Brian Ferguson: Feel the vibe for new artistic experiences
THE prospect of trying out a vibrating bed at lunchtime was tantalising to say the least. Much of the intrigue came from the destination in question.
Not The Bed Shop at the food of Leith Walk, as one might suspect, but tucked away inside one of Edinburgh’s leading galleries, the Fruitmarket, next to Waverley Station.
The sound of hammerhead shark routes shape the “3D audio experience” which, visitors are politely informed, is best appreciated lying flat out on a large platform after taking your shoes off. You can check it out for yourself for another couple of weeks as part of its exhibition devoted to the Galapagos Islands and how they have inspired artists.
But I found it an eerie and strangely entrancing experience and I’m sure it wasn’t just the height of the platform that left me dizzy. With all manner of controversy, bitterness and disharmony filling the air above the cultural landscape I was clearly in need of a meditative experience.
Kaffe Matthews’ work – entitled You might come out of the water every time singing – certainly had me thinking about whether it really was art. It was unlike anything I’d experienced before, but was also impossible to pigeon-hole, being much more than a simple sound installation.
The last time I could recall having such a dilemma was pondering Douglas Gordon’s 24 Hour Psycho, in which the artist slowed down Alfred Hitchcock’s film to produce his own talk on the classic horror film.
I spent a good hour in a dark room at the National Gallery of Scotland, lost in the experience he had created out of a 60-year-old film. At first I wondered what on earth it was doing in a national institution, but as I left I realised it had won me over.
I’ve been pondering some of the artistic experiences I’ve actually had over the last month alone – from studying the earliest cartoons produced for The Dandy comic and the iconic advertising images used to sell famous whisky brands in the past, to the lifetime’s work produced by artist John Bellany, which now has pride of place in the National Gallery, and how the earliest music of The Proclaimers is inspiring Scotland’s latest big-name movie, 25 years after it was written.
That lunch-time Fruitmarket experience set me off on different train of thought: is it possible to take in a piece of art every day, if you actually put your mind to it?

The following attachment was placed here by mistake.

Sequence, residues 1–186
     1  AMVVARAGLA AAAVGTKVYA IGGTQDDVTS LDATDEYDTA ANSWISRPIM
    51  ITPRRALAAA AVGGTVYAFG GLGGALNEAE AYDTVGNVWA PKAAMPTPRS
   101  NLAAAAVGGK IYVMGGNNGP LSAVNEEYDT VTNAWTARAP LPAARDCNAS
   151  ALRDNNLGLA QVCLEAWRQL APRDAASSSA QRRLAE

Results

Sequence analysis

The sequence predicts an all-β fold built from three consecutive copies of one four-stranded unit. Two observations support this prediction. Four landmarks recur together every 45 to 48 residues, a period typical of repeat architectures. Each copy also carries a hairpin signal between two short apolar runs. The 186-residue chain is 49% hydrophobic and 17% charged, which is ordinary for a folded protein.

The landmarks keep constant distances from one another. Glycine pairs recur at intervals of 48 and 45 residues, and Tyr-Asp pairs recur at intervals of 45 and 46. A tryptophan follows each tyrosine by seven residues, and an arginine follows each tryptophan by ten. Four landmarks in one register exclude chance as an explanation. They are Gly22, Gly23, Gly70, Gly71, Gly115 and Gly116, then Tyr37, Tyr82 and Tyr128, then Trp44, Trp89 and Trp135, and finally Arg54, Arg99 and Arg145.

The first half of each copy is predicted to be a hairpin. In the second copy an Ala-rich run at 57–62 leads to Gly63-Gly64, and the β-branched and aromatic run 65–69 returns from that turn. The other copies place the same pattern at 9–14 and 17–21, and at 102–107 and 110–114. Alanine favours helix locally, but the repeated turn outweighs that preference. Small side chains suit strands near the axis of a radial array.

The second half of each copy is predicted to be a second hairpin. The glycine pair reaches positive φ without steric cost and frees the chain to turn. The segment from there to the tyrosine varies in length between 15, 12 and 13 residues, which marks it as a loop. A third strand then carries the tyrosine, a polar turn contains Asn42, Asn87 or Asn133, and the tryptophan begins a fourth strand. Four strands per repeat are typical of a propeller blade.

I’ve been unable to shake off the idea since then, partly because I love a daft challenge, but also because the questions it would pose have been coming at me thick and fast.
How easy would it be to find a different piece of art every day, no matter where you were? Seeking out the new and the different would be part of the intrigue, but what of the old and unloved?
Would it benefit my state of mind to take time out to appreciate some form of art or culture? Or would it become another stress and end up diminishing my appreciation of the work? Would my definitions of art loosen up as the weeks and months wore on? Perhaps I wouldn’t even get that far, giving up after just a few days.
If I’d been harbouring any doubts about the wisdom of all this, they were blown away on a visit to rain-lashed Kirkcaldy on Saturday. Inside the Fife town’s oldest church, fittingly named the Old Kirk, which dates back more than 800 years, I watched the National Theatre of Scotland transform that most famous festive story, A Christmas Carol, into a production that deployed all manner of modern technical wizardry and stagecraft, yet never strayed far from its Victorian roots and Dickens’ creepy creations.
My mind was made up there and then. I would try and take in, take part in, consume or merely appreciate some form of art every day in 2013 and see what comes of the challenge.
I can imagine days at the height of the Edinburgh Festival Fringe, where it should be possible to have more than 100 different artistic experiences in the one day.
I can also imagine plenty dreary days in the depths of winter when I’d probably rather hide under the duvet rather than venture out into the gloom. “Weather permitting” simply can’t come into this, can it?
At the moment, I’ve no elaborate plans to record this nonsense. If I can remember, and technology doesn’t let me down, I’ll try to post a pic or two on twitter every day.
Other than that I’ll simply take it as it comes. But in a year’s time that vibrating bed might have a lot to answer for.
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Weather for Edinburgh
Tuesday 21 May 2013
Temperature: 7 C to 17 C
Wind Speed: 13 mph
Wind direction: North west
Temperature: 3 C to 12 C
Wind Speed: 23 mph
Wind direction: West